Thursday, February 10, 2011
Ohio Court Allows Search of Computer
An Ohio court recently reviewed the search of a computer. The case is State v. Trotter.
In this case, the victim, a middle-school aged female, and some friends attended a party at the defendant’s home. While she was intoxicated, she was sexually assaulted by the defendant.
After the defendant was arrested, the police asked his wife her consent to take clothing from the home and to take photos. She consented. Later, she also consented to a complete search of the home. During this serach, the police seized a computer. The nmext day, the wife consented to a search of the computer's contents. This search revealed child pornography, and a warrant was later obtained for a more detailed forensic review of the computer.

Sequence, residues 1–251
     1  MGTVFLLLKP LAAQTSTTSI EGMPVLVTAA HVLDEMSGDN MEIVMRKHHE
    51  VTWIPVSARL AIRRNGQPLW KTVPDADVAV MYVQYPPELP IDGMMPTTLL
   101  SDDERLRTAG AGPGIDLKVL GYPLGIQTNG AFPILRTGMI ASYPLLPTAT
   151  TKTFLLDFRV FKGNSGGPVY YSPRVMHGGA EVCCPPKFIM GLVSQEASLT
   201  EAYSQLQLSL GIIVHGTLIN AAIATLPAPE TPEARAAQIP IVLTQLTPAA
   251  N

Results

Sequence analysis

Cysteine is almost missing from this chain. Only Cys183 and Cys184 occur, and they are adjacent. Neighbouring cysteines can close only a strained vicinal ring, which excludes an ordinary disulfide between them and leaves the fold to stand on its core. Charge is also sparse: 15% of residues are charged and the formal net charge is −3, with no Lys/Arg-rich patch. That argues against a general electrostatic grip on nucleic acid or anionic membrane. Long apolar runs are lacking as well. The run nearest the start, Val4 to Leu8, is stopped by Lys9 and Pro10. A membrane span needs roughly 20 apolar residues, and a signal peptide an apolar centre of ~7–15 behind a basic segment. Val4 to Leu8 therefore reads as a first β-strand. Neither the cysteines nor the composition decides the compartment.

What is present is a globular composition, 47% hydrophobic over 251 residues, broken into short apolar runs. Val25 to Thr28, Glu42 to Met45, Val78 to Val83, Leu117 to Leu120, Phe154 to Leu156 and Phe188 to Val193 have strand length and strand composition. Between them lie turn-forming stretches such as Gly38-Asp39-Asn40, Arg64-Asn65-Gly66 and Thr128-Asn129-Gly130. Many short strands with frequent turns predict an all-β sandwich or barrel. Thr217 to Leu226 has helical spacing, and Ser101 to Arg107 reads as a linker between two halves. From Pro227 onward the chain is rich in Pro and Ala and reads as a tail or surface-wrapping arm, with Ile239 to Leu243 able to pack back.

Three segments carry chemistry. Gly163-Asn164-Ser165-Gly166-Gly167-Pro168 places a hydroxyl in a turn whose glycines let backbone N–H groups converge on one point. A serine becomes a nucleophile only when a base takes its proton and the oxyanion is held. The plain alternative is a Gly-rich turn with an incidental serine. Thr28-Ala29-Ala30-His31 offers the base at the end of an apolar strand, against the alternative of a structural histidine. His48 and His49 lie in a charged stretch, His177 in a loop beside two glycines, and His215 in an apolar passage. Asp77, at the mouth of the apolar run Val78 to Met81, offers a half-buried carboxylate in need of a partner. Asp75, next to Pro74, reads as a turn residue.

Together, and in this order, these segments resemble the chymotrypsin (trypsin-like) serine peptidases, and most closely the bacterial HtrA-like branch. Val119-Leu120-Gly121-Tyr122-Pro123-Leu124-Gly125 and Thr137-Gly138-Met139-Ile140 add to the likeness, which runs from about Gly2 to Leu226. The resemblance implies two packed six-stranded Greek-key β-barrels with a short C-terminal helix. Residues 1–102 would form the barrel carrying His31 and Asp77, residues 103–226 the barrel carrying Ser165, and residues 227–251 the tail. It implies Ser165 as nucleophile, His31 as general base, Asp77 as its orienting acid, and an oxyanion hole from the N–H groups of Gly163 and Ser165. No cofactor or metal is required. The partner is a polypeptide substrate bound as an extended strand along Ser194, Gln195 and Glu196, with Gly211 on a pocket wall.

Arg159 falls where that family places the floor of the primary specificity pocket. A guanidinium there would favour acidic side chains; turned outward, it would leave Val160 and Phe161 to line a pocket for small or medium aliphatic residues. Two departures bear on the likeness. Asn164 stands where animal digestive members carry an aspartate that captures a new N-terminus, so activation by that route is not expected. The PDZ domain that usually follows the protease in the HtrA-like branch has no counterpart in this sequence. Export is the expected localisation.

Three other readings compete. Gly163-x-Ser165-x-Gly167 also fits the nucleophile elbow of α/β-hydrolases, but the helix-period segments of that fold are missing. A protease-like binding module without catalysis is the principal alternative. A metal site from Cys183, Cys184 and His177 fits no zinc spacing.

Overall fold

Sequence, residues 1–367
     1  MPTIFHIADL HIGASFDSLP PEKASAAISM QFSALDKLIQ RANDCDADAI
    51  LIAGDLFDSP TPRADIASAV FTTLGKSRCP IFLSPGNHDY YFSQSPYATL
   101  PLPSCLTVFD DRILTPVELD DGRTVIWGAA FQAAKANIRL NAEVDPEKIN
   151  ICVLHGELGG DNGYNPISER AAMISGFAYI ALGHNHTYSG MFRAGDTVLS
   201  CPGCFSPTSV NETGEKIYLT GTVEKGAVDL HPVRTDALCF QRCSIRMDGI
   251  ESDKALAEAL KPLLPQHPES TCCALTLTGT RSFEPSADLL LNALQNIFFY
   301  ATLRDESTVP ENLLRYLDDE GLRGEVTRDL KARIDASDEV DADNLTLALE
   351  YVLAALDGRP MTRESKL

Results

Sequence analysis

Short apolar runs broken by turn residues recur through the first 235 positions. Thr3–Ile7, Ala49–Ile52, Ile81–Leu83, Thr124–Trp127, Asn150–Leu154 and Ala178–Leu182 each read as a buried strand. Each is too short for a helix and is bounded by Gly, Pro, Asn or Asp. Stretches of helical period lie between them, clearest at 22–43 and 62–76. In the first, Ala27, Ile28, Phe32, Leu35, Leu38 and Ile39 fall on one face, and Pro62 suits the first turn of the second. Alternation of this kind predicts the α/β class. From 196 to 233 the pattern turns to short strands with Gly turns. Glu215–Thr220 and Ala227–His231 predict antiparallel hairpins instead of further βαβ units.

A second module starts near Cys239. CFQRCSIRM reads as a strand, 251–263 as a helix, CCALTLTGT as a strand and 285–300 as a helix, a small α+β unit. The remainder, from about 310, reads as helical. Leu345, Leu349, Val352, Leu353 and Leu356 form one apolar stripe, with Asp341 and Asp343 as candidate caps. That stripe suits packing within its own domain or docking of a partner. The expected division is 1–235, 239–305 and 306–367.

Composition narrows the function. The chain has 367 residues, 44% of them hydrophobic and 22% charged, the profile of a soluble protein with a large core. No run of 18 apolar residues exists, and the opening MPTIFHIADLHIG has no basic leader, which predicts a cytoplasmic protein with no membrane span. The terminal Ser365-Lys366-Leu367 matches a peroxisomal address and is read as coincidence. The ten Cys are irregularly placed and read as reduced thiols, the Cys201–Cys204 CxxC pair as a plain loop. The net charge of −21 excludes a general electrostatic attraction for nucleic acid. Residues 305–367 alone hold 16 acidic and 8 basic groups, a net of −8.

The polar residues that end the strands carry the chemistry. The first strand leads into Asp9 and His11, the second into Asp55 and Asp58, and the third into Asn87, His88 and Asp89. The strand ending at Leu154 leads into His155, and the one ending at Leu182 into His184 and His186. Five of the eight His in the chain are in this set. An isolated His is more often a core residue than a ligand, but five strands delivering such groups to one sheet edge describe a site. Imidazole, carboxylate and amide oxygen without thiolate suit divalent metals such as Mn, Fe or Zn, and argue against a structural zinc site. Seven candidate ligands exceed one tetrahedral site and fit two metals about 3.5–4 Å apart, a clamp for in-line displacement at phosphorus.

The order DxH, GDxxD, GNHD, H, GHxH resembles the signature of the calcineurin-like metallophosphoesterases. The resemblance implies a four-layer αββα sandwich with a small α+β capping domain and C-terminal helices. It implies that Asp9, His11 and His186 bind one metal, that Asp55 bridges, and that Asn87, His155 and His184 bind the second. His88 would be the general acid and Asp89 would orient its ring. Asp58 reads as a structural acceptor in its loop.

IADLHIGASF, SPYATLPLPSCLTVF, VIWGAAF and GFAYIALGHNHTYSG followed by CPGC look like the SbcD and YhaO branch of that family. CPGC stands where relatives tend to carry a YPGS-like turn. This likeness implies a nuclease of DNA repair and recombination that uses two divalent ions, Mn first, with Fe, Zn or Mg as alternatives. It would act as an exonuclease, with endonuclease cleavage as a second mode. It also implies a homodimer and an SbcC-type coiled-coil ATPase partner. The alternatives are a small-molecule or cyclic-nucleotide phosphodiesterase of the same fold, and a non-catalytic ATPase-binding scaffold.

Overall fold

The question before the court was whether the defendant’s wife had freely and voluntarily given consent for the serach of the computer. The court found that the wife “voluntarily and freely gave her consent to the police to search the home, to take the computer, and to search the computer's contents. [She] testified that no threats or promises were made to obtain each consent and that she was not under any type of duress when she gave each consent.”
A key to this decision may be that the defendant had made no effort to encrypt or otherwise limit access to the computer.